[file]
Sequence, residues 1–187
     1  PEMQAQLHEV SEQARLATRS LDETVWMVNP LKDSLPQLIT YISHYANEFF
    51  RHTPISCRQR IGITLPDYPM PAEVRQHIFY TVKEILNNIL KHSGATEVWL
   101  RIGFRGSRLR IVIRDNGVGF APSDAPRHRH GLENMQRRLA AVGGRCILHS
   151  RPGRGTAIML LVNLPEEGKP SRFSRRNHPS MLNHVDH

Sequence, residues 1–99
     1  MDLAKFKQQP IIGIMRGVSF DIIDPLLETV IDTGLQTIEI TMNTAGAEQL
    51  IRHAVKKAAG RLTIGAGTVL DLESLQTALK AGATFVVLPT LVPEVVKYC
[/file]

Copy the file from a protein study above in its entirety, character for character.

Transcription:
Sequence, residues 1–187
     1  PEMQAQLHEV SEQARLATRS LDETVWMVNP LKDSLPQLIT YISHYANEFF
    51  RHTPISCRQR IGITLPDYPM PAEVRQHIFY TVKEILNNIL KHSGATEVWL
   101  RIGFRGSRLR IVIRDNGVGF APSDAPRHRH GLENMQRRLA AVGGRCILHS
   151  RPGRGTAIML LVNLPEEGKP SRFSRRNHPS MLNHVDH

Sequence, residues 1–99
     1  MDLAKFKQQP IIGIMRGVSF DIIDPLLETV IDTGLQTIEI TMNTAGAEQL
    51  IRHAVKKAAG RLTIGAGTVL DLESLQTALK AGATFVVLPT LVPEVVKYC